TUCSON, Ariz. — A survey was sent to Tucson Unified School District parents and staff asking for their input on returning to school, which consisted of three questions for parents and seventeen questions for staff.
For parents, it's all about comfort levels when it comes to returning to school.
“We provided a description of remote and hybrid learning. We asked them what is their preference and then the other one was asking if they were to choose an order of ranking -- if they stayed remote, did they want to stay with their current teacher, or would they be comfortable switching? If they chose the hybrid model, would they stay want to stay with their current teachers, or be comfortable and switching teachers?” explained Leslie Lenhart, TUSD director of communications.
The clock is ticking for parents to fill out the survey that is due Wednesday.
“It will help us be able to ensure we were scheduling and preparing teachers for how they're [going] to come back. As we know, some teachers are hoping to stay remote, [but] much of it depends on how many students are back in all the classrooms," she added.
Teachers were also sent a survey to fill out, with one notable question on the survey asking what employees plan to do if they are not authorized to stay at home, once hybrid learning begins.
This is the second time teachers have been asked to fill out a survey like this. The first time was at the beginning of the school year. The results showed a majority of teachers were not comfortable returning to the classroom.
"I would say, a larger percentage of teachers were not comfortable coming back. They wanted to remain remote," explained Lenhart.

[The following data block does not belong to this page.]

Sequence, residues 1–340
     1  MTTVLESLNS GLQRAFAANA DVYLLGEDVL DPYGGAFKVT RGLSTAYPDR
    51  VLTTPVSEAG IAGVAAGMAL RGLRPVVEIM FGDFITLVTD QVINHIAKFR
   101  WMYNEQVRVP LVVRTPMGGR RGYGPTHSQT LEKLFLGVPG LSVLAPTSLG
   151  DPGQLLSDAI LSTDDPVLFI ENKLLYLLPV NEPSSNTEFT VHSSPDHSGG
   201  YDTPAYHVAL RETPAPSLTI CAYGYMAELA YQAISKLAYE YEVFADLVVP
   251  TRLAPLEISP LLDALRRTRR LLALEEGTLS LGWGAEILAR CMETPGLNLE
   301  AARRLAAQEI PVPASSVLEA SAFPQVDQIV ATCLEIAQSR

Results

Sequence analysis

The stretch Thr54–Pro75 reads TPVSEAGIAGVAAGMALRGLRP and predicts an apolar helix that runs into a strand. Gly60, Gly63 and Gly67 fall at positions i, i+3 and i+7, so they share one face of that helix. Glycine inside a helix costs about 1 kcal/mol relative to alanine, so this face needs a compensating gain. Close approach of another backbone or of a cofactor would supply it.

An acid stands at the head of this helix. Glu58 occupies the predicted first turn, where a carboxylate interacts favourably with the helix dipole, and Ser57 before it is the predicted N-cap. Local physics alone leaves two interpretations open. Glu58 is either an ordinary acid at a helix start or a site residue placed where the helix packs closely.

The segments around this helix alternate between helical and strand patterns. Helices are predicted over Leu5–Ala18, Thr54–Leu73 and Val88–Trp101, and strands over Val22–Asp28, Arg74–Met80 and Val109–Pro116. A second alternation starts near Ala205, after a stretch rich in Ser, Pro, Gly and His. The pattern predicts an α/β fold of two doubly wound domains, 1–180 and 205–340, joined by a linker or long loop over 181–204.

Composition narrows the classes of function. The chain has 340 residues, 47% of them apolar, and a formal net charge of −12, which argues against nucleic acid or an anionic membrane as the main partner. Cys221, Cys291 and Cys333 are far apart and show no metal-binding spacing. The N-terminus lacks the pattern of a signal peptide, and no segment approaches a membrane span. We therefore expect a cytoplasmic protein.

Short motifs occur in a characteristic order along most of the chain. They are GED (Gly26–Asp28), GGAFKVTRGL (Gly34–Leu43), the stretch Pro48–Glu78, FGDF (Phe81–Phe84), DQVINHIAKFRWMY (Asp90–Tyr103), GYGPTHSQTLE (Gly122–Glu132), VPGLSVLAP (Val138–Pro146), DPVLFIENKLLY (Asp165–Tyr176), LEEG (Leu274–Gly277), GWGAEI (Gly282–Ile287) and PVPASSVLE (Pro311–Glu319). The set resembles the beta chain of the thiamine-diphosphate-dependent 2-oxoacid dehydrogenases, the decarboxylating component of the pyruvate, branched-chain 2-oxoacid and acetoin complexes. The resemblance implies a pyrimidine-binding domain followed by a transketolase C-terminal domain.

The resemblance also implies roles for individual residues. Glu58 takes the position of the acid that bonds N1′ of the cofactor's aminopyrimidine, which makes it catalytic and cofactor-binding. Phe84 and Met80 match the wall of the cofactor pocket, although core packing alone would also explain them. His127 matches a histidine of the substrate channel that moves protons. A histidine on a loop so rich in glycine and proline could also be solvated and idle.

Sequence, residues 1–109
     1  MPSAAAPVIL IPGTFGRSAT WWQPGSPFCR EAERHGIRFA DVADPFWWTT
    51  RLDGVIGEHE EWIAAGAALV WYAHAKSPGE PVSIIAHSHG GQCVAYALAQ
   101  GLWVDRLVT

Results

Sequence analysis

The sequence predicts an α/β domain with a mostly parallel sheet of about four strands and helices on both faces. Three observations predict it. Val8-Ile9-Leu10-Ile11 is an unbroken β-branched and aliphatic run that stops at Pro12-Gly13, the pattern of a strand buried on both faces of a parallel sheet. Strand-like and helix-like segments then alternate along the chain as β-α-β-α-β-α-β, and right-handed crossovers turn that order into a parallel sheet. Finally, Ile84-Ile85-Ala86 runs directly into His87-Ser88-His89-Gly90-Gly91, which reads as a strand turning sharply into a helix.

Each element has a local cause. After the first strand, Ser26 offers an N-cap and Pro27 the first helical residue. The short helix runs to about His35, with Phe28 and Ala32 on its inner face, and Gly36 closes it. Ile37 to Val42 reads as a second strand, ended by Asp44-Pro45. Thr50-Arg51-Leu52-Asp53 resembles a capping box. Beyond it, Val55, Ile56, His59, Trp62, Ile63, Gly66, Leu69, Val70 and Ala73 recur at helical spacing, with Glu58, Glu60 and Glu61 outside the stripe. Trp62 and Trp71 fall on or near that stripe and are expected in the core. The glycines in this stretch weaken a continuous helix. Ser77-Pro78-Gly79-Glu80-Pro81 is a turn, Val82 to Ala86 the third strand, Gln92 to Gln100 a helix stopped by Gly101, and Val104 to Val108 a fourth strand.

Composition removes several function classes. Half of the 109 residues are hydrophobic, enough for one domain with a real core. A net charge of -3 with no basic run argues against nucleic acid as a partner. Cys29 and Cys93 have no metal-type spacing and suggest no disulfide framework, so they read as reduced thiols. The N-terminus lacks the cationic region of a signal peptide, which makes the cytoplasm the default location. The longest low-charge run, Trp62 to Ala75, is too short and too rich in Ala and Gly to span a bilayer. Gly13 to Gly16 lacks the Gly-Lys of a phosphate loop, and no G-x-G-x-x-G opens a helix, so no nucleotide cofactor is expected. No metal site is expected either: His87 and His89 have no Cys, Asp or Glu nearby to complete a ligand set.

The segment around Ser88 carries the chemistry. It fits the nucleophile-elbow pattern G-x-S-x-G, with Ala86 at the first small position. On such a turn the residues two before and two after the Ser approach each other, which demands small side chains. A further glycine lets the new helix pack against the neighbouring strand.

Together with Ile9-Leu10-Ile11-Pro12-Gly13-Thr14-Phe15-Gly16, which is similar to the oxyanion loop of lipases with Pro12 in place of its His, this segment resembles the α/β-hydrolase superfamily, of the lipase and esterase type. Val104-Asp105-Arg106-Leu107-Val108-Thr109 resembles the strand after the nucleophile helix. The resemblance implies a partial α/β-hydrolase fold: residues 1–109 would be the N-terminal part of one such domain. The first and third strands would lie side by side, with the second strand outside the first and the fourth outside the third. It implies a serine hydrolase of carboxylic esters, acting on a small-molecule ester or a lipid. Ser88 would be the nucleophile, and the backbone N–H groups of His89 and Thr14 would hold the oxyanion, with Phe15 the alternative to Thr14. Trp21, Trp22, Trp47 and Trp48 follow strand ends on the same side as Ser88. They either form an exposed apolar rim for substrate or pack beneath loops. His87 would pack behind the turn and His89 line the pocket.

The district is also hosting town halls with their teachers.
“It's for them to do two things— one, to for our middle and high school teachers to provide feedback on how we manage the schedules because their various schedule options since those students rotate from class to class. The other one is for teachers to give input on the hybrid model and what things they would like to see as far as part of it,” she said.
KGUN9 reached out to the Tucson Education Association who is focused on safety first.
No one wants to be back in the classroom with our students more than educators. We love our students, our schools, our communities, and that is why we need to do this right. The health and safety of our students, families, and educators must be the primary driver of when it is safe to re-open school buildings.
The TUSD hybrid plan is more of an outline at this point. As a member of the committee that worked on it, there are still many unanswered questions regarding such things as student-teacher ratios, social distancing during passing periods, and supervision during lunches. There is a committee forming this week to help iron out many of those issues and questions so we will not have anything definite until the end of the week or early next week.
As of the last board meeting, the TUSD board agreed to meet on Oct 6th in order to look at the metrics from PCHD regarding a safe return. TEA agrees that we must listen to the health experts and their assessments of the rates of infections to determine when the virus is sufficiently contained to proceed with reopening, and even then, we must follow medical precautions to prevent infections in schools. In addition, given that fall break will take place just before the 19th of October, we would say the hybrid reopening date remains flexible.
Right now, due to the economic crisis brought forth by this pandemic, we have already lost nearly one million education jobs, and another 2 million more are at risk across the country. Funding has fallen off a cliff. We want to open schools but we cannot bring students back to the classroom if we don’t get the support from the Senate to do it safely and to make sure they have what they need to succeed.
The results of the surveys will be ready before the next TUSD governing board meeting on October 6.